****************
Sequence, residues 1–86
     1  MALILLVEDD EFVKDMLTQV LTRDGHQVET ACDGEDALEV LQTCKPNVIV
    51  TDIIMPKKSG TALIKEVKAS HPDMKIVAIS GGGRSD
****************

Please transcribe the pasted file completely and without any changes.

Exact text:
Sequence, residues 1–86
     1  MALILLVEDD EFVKDMLTQV LTRDGHQVET ACDGEDALEV LQTCKPNVIV
    51  TDIIMPKKSG TALIKEVKAS HPDMKIVAIS GGGRSD